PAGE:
Repair type is unpredictable, as is repair volume. No one saw last year's stampede coming. We can expect in general that bike work will pick up in April and run in fairly high waves until late summer. Last year it hit earlier and stayed at flood levels until late summer, tapering gradually into autumn. However, the well-documented shortages of parts hampered our ability to get these riders up and running. Those shortages persist as we roll inexorably closer to the new season.
Meanwhile, Specialized imposed a drastic price increase on bikes already ordered, but not shipped. As of February 1, anything that hadn't left the warehouse automatically jumped in price, even if it was a prepaid special order the Big S had themselves been unable to fulfill. We ordered in good faith. Have a kick in the teeth, little guy! Specialized makes the case that they are squeezed by price increases from their suppliers, and other expenses. A price increase was inevitable. But a small shop subsisting on special orders for high end bikes has to negotiate the increase with the customers who thought that they'd already satisfied the financial part of the transaction, and had only to wait patiently for it to arrive and be assembled. If someone digs their heels in, we have to decide whether to eat the loss or refuse the bike and eat a bigger loss. A loss is a loss. You don't stay in business by operating in the red. Maybe we should start laundering money... The problem is that we got into the bike business because we liked bikes, not business. The more complicated the business gets, the more life it eats for diminishing psychic and emotional reward. The accounting department rolls its eyes. Get the money, by any means necessary!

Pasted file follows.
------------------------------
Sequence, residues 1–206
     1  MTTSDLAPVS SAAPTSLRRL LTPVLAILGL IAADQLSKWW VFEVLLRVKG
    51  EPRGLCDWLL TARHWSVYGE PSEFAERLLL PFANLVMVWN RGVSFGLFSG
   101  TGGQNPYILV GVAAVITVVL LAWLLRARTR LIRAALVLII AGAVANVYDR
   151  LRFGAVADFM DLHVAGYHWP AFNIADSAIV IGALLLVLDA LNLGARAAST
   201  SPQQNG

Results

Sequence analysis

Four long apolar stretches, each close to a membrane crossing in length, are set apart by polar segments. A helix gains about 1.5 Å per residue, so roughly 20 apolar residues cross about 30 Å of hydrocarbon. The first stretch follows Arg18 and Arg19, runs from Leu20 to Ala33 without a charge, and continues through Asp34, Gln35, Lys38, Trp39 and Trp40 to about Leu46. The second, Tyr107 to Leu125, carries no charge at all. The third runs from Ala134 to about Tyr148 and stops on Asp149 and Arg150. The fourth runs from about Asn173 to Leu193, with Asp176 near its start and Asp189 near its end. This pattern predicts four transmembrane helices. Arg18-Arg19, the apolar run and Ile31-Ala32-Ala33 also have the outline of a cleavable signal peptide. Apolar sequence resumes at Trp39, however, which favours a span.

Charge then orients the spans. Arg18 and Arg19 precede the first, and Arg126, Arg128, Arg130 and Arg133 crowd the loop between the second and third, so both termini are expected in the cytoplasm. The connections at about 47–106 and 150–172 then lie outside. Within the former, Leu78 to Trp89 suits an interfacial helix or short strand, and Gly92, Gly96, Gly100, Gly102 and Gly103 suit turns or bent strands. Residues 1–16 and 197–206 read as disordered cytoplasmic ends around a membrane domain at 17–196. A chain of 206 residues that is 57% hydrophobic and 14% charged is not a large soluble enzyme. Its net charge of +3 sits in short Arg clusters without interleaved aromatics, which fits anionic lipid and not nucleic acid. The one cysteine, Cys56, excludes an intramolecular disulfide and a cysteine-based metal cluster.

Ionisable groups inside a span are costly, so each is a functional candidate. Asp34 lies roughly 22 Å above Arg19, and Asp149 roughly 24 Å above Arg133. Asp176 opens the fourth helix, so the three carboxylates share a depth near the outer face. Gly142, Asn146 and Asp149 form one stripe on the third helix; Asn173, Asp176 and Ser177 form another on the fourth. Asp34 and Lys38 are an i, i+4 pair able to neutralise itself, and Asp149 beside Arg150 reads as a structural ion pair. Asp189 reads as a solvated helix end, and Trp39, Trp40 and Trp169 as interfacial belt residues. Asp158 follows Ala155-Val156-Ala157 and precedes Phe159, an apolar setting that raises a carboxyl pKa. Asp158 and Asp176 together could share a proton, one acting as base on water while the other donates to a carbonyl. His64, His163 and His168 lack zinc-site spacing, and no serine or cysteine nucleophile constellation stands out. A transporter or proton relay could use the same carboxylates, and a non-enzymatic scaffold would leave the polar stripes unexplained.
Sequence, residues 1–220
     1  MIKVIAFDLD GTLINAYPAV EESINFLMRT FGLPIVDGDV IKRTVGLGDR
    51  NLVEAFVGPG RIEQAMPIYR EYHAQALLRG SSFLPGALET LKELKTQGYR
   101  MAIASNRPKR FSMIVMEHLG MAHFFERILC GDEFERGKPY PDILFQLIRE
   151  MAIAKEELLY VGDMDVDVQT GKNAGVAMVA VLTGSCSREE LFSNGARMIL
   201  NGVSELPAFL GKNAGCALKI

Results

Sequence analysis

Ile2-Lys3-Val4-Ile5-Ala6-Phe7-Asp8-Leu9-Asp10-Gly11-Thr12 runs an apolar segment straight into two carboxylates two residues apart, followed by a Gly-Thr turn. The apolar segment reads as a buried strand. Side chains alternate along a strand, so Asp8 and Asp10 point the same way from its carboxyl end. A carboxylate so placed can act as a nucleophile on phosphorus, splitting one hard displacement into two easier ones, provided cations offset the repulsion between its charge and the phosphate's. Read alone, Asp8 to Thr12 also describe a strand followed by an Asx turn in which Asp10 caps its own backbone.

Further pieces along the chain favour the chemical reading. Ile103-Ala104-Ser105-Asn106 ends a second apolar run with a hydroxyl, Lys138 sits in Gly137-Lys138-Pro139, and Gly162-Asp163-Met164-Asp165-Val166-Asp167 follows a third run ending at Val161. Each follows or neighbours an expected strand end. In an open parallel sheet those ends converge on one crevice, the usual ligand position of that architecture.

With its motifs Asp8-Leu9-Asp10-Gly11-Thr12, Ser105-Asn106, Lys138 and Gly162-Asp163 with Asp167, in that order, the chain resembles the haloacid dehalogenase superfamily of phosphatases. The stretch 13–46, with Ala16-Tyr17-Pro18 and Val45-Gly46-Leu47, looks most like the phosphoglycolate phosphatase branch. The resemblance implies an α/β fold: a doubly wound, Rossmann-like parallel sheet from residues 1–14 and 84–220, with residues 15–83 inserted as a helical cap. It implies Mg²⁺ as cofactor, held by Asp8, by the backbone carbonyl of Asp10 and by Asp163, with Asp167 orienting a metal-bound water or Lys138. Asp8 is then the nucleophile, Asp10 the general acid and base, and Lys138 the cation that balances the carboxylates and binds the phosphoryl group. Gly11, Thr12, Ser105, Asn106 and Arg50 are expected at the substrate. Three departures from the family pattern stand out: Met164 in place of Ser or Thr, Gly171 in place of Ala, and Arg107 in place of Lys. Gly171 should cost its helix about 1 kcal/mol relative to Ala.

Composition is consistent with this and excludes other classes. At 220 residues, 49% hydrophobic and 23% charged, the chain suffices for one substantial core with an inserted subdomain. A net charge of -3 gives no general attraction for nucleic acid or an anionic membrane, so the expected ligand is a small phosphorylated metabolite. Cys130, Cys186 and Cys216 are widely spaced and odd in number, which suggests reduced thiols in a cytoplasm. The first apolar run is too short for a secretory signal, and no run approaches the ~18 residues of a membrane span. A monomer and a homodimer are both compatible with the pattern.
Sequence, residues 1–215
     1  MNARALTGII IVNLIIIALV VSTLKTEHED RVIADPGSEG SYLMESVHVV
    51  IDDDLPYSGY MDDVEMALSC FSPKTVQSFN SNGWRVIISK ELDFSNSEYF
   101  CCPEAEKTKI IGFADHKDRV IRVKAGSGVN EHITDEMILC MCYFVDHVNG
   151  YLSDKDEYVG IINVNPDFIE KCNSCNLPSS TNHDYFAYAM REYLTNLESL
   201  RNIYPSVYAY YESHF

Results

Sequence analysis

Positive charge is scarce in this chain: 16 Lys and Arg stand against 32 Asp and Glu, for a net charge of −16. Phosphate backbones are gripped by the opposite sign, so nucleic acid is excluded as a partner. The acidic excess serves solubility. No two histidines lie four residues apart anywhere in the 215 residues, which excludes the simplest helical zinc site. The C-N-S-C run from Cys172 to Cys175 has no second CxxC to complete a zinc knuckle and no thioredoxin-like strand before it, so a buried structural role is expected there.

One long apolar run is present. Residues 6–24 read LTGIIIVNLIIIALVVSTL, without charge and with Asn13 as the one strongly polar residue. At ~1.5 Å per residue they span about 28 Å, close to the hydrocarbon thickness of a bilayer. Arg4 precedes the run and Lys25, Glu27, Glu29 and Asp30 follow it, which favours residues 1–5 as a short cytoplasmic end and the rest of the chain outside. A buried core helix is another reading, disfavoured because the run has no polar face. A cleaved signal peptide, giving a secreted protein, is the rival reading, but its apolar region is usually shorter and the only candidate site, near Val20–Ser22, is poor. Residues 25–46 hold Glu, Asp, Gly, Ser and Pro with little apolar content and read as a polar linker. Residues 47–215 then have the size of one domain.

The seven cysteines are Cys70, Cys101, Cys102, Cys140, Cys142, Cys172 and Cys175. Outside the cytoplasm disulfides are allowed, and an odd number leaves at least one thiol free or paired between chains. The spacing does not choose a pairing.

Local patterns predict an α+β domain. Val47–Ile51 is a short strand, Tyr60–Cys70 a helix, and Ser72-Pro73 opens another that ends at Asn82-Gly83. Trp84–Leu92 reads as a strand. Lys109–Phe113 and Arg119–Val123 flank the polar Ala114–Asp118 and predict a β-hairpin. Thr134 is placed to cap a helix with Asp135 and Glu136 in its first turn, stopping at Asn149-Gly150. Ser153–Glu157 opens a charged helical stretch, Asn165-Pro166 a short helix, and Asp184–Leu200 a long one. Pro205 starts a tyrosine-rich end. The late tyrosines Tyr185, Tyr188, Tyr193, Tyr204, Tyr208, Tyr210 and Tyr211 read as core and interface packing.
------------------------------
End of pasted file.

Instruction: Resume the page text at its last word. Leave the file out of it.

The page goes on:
You may wonder how I can claim to live on such meager pay and still go to the dentist and pay to be tortured. The fact is, about all I spend money on is my teeth, my eyeballs, and two aging cats. My car is so old I expect the frame to collapse every time I get into it. I figure if I can chew my food and see where I'm going I'll be able to cheat the reaper for a while longer. My life choices were guided in part by a resolve to explore the satisfaction of life on a modest income, anticipating that if the global economy ever did get adjusted to make a fairer distribution of proceeds, no one would be upper middle class anymore, let alone wealthy. The more satisfied a person could be with less, the better off they would be. The bike as I found it was an excellent element of such a lifestyle. The bike as the industry has made it is just another expensive toy. And minimum wage is just a number. Somewhere outside of our fantasy economy is a real world in which money has to represent actual value of goods or services, and those goods and services have to support basic survival. The number could be anything: $1 a week, $50 a minute, as long as it relates to the real necessities that form the foundation and framework of a sustainable society.